Josh: In your aspirations for this, what is the scale you would hope to or like to achieve? I ask that because when you talk about the ability to protect one’s privacy as one of the key benefits, that ability is only useful insofar as the network you’re describing is large enough to encompass a lot of the behavior that you do. If Amazon’s not involved in this network, then you have a completely different separate relationship regarding your privacy with Amazon than you do with this network. So how big would this have to be to be effective in this way, or how big would you like it to be?

Bill: Well, it needs to be big within at least one vertical niche in order for it to have value. One of the challenges about networks, technology networks, is that they don’t have value unless they are at scale. And so how do you — there’s a chicken-or-the-egg problem. I’ve sometimes said that solving this problem is the basis of a book which would be called “Cracking the Chicken.” Because I don’t know — it’s a real challenge to figure out how do you raise the souffle where, on the one hand, you’ve got the users, and you’ve got the people with valuable information that either they want to sell or they want to pay you to look at. How do you get them all to — poof! — one day agree to be part of a network?

This is not a technical challenge. This is a missionary challenge, really — to convince a lot of consumers through their Information Valets and a lot of advertisers and information-service providers that there’s an everybody-wins scenario if folks buy into this idea and move on it.

One of the things that I think is exciting, though, is that the news industry has upwards of 50 million people who pay on a regular basis for information. There’s very few other entities — and that’s in the U.S. alone — there’s very few other information-service entities that you can say that about. I guess you can say that about the cell-phone industry, but really I’m not sure that people yet perceive that as buying information — they think they’re buying connectivity. I think over time people will see that as buying information. I suppose you could say that that might be true to some degree of the cable-television industry, but here again I think people initially thought they were buying connectivity and only now they’ve started to see that that’s actually an information service. Well, the news industry is a pure play — people who buy information. And so I think the opportunity exists, if the news industry makes independent judgments to be part of a system like this, to create a network overnight.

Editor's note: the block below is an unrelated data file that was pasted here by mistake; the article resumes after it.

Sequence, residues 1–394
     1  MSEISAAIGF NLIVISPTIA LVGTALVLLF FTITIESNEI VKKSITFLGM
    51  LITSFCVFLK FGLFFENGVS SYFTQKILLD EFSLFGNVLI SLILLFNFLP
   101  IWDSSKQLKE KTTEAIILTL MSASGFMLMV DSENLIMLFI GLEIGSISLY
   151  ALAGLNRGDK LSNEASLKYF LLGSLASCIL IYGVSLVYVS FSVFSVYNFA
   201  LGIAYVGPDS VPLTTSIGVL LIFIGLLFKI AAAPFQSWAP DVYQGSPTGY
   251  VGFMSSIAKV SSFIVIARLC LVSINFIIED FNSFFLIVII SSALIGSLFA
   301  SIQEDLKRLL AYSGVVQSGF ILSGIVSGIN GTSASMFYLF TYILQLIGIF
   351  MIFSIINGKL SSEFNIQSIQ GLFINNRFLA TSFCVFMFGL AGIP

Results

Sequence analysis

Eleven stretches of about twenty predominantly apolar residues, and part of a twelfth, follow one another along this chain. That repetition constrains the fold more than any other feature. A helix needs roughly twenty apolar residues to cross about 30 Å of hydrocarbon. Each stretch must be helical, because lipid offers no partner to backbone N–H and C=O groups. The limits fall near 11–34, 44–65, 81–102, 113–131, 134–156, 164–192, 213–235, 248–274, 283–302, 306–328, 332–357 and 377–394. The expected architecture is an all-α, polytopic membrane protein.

Josh: And then, of course, one of the benefits — one of the relatively few benefits of chain ownership, in that if you convince one guy at Gannett, you could have a whole bunch of newspapers at the same time.

Bill: Well, I think it’s important that each entity who would join a system like this makes an independent judgment to do so, because everything about it needs to be a free market for information. The individual players need to be able to set their own pricing, to be able to set all of their business rules. The only thing that I think needs to be absolute is the confirmation to the user that they own their personal information and that is important.